Seeking and Resisting Compliance: Why People Say What They Do When Trying to Influence Others

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SAGE Publications, Jul 10, 2002 - Language Arts & Disciplines - 393 pages
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Why do individuals say what they do during everyday face-to-face influence interactions? How do people seek or resist compliance in different relational, institutional, and cultural contexts? Linking theory and research to salient, real life examples and recent academic studies, Steven Wilson introduces the reader to the theories, systems of message analysis, complexities and nuances of interpersonal persuasion. Seeking and Resisting Compliance is the only single-authored, interdisciplinary text to explore compliance gaining and resistance from a message production perspective. This incisive, clearly written text is ideal for students, scholars, and anyone interested in interpersonal influence and persuasion in everyday interactions. Recommended for graduate and upper-level undergraduate courses in persuasion as well as special topics courses in interpersonal influence, social psychology, and sociolinguistics.

Features of this text:

  • Ground breaking, specific focus on message production as opposed to only message effects.
  • Multiple theoretical perspectives are presented and the vast body of research from communication, psychology, linguistics, philosophy and related fields is reviewed.
  • Student-friendly pedagogy, such as definitions, examples, and sections describing "common assumptions" about various theories engage students and highlight important concepts.

 

Steven Wilson currently is an Associate Professor and Director of Graduate Studies in the Department of Communication at Purdue University. He is one of five associate editors for the interdisciplinary journal Personal Relationships, and past chair of the International Communication Association’s Interpersonal Communication division. His research and teaching focus on interpersonal influence and message production in a variety of contexts, from parent-child interaction in abusive families to intercultural business negotiations. He has published nearly forty articles and book chapters on these topics.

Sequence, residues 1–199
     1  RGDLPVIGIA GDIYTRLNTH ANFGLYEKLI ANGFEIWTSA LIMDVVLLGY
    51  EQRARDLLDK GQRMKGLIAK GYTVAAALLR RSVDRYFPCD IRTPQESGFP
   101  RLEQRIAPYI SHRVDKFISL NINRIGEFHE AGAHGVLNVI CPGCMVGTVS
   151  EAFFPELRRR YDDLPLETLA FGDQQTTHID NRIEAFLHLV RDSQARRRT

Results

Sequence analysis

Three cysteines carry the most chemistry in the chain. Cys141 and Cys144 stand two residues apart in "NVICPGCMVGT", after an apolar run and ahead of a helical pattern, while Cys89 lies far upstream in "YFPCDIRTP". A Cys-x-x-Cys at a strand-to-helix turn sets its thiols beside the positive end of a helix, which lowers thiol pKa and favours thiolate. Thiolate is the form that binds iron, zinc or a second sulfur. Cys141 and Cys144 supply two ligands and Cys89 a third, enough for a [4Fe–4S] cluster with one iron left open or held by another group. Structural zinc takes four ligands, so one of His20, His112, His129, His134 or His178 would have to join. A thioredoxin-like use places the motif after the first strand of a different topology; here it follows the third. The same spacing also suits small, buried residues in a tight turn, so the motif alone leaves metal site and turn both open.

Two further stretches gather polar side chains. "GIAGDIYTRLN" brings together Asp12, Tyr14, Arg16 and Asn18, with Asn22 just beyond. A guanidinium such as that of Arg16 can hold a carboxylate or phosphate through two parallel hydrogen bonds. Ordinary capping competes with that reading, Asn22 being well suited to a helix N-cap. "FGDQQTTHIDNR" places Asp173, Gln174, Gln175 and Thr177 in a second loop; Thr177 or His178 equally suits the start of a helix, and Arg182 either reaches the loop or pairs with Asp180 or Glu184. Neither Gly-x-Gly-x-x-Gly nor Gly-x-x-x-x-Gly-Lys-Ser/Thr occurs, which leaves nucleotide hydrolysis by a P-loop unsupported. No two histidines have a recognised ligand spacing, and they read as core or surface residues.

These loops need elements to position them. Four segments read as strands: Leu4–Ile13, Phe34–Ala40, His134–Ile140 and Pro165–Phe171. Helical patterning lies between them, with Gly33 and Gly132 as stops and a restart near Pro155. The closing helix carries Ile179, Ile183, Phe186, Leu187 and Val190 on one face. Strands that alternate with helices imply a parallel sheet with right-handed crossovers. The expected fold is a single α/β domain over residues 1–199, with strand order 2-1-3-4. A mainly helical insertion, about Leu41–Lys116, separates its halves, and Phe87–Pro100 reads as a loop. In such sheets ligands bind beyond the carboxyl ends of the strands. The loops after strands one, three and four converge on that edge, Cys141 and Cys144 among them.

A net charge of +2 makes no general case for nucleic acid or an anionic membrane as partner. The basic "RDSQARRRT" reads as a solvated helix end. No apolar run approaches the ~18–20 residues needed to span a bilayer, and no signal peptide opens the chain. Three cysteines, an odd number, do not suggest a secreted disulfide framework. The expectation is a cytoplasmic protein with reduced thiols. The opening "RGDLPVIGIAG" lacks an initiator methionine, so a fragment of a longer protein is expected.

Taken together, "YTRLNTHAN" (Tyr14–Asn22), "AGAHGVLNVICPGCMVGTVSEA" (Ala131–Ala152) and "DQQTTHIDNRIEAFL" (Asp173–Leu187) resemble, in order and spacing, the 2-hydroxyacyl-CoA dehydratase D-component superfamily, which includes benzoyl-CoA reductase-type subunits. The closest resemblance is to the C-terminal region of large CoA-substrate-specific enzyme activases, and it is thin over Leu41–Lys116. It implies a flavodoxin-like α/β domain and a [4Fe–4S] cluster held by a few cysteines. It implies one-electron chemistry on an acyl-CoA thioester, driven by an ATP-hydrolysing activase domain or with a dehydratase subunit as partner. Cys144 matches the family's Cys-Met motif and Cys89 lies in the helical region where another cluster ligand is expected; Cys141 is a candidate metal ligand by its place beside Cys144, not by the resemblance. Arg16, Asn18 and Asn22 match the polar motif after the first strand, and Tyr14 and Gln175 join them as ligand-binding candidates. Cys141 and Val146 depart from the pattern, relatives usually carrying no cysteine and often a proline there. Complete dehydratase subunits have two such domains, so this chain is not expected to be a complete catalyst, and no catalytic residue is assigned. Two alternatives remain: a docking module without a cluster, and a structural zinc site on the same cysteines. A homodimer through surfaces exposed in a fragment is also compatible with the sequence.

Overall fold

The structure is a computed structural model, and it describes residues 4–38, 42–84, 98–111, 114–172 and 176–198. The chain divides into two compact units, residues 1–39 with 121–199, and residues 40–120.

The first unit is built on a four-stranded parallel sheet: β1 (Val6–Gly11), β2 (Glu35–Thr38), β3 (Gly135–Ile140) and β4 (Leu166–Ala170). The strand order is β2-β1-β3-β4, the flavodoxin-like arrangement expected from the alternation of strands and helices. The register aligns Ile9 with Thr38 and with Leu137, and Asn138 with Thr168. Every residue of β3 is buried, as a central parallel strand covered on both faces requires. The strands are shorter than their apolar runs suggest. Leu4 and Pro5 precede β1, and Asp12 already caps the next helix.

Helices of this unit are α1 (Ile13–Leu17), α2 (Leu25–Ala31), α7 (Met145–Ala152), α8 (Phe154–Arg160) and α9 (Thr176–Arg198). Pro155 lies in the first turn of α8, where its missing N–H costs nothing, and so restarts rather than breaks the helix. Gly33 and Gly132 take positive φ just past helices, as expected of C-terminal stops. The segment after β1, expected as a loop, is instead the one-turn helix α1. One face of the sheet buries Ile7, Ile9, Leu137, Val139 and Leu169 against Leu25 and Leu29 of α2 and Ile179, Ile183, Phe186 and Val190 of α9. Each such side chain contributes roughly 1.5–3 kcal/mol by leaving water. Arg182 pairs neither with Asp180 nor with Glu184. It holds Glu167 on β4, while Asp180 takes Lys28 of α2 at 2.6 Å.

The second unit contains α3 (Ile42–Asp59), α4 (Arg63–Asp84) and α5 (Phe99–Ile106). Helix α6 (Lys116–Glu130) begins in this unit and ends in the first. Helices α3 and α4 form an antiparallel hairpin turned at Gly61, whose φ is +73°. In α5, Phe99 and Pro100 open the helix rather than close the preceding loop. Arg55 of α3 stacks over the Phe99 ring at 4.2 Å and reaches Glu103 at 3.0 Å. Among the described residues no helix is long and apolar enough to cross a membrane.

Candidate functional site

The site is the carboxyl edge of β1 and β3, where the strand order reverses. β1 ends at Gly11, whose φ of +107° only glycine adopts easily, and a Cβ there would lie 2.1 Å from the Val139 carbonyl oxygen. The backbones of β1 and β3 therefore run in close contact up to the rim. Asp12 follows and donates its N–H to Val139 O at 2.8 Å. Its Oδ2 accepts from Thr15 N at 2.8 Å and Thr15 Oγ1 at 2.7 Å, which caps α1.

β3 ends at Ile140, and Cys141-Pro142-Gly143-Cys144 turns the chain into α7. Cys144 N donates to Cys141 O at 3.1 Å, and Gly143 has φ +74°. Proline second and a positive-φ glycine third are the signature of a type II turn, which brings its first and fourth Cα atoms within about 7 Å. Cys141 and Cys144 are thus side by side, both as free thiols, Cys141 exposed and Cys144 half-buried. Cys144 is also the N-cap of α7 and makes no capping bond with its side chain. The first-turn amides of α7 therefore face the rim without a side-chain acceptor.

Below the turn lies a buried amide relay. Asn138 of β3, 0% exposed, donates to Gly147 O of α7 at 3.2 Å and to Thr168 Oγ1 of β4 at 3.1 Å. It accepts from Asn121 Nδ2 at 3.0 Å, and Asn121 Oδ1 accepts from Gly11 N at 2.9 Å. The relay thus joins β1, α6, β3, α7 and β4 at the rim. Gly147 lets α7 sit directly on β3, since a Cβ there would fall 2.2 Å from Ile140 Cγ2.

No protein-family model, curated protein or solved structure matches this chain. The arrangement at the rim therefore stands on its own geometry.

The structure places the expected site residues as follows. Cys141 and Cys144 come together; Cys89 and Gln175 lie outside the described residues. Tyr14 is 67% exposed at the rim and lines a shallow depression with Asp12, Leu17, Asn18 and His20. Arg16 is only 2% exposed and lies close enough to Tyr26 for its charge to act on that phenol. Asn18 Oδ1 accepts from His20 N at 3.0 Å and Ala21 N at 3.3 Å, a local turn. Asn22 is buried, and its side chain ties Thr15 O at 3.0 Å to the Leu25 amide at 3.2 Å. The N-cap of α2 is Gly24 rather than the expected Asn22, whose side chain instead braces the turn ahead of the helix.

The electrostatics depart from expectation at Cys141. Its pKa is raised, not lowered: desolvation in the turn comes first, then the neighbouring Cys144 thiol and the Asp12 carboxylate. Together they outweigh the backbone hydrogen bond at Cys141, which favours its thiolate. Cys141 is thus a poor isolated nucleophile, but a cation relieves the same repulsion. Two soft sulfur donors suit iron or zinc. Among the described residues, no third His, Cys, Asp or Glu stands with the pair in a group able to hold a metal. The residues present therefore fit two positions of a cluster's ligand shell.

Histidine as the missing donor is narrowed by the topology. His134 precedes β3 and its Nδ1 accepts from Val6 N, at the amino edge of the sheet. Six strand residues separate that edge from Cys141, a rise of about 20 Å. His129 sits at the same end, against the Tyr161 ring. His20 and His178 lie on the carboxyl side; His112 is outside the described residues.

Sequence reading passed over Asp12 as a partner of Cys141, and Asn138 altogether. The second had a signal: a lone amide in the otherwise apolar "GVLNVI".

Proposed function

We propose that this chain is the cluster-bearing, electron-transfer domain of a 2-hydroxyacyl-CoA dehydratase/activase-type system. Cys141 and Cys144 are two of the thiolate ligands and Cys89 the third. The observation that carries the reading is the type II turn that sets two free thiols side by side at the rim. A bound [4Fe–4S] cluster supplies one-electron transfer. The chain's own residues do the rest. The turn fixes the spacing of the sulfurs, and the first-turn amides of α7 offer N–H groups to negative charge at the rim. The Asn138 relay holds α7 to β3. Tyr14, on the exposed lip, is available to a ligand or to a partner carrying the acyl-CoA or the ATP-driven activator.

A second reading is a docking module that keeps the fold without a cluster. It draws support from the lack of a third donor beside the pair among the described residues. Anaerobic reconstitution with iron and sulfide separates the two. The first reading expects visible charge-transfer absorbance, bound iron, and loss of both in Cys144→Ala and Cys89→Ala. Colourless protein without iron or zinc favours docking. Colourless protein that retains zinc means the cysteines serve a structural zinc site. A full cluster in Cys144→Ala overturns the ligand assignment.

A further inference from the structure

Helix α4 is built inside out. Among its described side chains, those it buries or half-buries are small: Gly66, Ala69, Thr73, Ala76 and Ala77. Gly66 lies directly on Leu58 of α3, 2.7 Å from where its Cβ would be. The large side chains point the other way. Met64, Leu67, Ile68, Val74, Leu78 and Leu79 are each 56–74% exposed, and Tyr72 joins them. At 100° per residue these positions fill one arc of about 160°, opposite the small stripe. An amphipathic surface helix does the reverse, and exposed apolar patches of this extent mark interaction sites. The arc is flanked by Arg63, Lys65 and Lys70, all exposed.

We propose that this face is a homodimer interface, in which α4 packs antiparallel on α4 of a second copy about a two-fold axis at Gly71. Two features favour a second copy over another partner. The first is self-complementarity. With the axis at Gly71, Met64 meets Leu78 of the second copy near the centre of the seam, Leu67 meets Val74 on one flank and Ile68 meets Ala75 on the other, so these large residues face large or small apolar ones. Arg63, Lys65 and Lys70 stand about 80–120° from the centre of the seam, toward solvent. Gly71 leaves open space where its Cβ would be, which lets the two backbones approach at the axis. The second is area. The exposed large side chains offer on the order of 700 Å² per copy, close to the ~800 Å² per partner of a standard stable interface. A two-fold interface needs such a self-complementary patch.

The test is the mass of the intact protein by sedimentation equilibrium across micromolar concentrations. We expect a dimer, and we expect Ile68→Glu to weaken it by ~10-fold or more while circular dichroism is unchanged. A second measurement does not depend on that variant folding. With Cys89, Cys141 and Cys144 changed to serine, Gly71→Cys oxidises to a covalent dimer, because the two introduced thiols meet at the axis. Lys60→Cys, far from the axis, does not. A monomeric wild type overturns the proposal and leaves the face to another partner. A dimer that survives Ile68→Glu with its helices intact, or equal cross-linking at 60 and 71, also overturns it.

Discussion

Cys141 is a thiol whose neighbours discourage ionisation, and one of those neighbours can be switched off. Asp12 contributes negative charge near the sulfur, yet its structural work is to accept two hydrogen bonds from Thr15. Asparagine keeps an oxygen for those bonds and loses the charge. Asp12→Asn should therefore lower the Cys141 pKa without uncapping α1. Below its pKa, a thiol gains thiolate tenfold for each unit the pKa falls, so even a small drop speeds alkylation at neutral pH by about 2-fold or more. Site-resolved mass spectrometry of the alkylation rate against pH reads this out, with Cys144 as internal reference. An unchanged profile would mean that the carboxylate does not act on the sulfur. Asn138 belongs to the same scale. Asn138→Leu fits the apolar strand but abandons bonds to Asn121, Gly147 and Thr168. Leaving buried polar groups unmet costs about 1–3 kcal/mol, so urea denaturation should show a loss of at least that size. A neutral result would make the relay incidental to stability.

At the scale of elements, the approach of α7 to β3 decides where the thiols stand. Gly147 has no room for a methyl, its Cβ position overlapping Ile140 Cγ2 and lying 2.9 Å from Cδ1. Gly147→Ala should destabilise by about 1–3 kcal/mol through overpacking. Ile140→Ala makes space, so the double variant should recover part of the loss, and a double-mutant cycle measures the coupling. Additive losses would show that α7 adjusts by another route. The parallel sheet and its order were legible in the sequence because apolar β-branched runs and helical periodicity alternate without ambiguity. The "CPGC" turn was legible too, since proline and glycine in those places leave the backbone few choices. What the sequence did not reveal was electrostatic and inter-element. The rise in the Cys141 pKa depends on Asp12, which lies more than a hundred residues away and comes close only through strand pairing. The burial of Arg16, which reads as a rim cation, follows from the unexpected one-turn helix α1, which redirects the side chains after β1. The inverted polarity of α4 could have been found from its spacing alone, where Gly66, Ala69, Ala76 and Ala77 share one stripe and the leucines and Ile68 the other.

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About the author (2002)

Steven R. Wilson (Ph.D., Purdue University) is Professor in the Department of Communication at Purdue University. He also has been a faculty member at Michigan State, Northern Illinois, and Northwestern Universities. His research and teaching focus on interpersonal communication, social influence, and aggression/conflict. He is the author of Seeking and Resisting Compliance: Why Individuals Say What They Do When Trying to Influence Others (Sage, 2002), for which he received the Gerald R. Miller book award from the National Communication Association’s interpersonal communication division in 2005. He also has published more than 50 articles and chapters in communication journals such as Communication Monographs, Communication Research, and Human Communication Research, interdisciplinary journals such as Child Abuse & Neglect, Journal of Social and Personal Relationships, and Journal of Language and Social Psychology, and edited volumes such as the Handbook of Communication and Social Interaction Skills and the Handbook of Communication Science (2nd ed.). His recent research explores patterns of parent-child interaction in families at risk for child maltreatment as well as patterns associated with children’s school readiness (funded by the Lilly Endowment). He is active in both the National Communication Association and the International Communication Association, and has served as chair of the interpersonal communication division for both associations. From 2001-2003, he served as one of five associate editors of the interdisciplinary journal Personal Relationships. In 2008, he was honored with the Bernard Brommel Award for Outstanding Scholarship or Distinguished Service in Family Communication from NCA.

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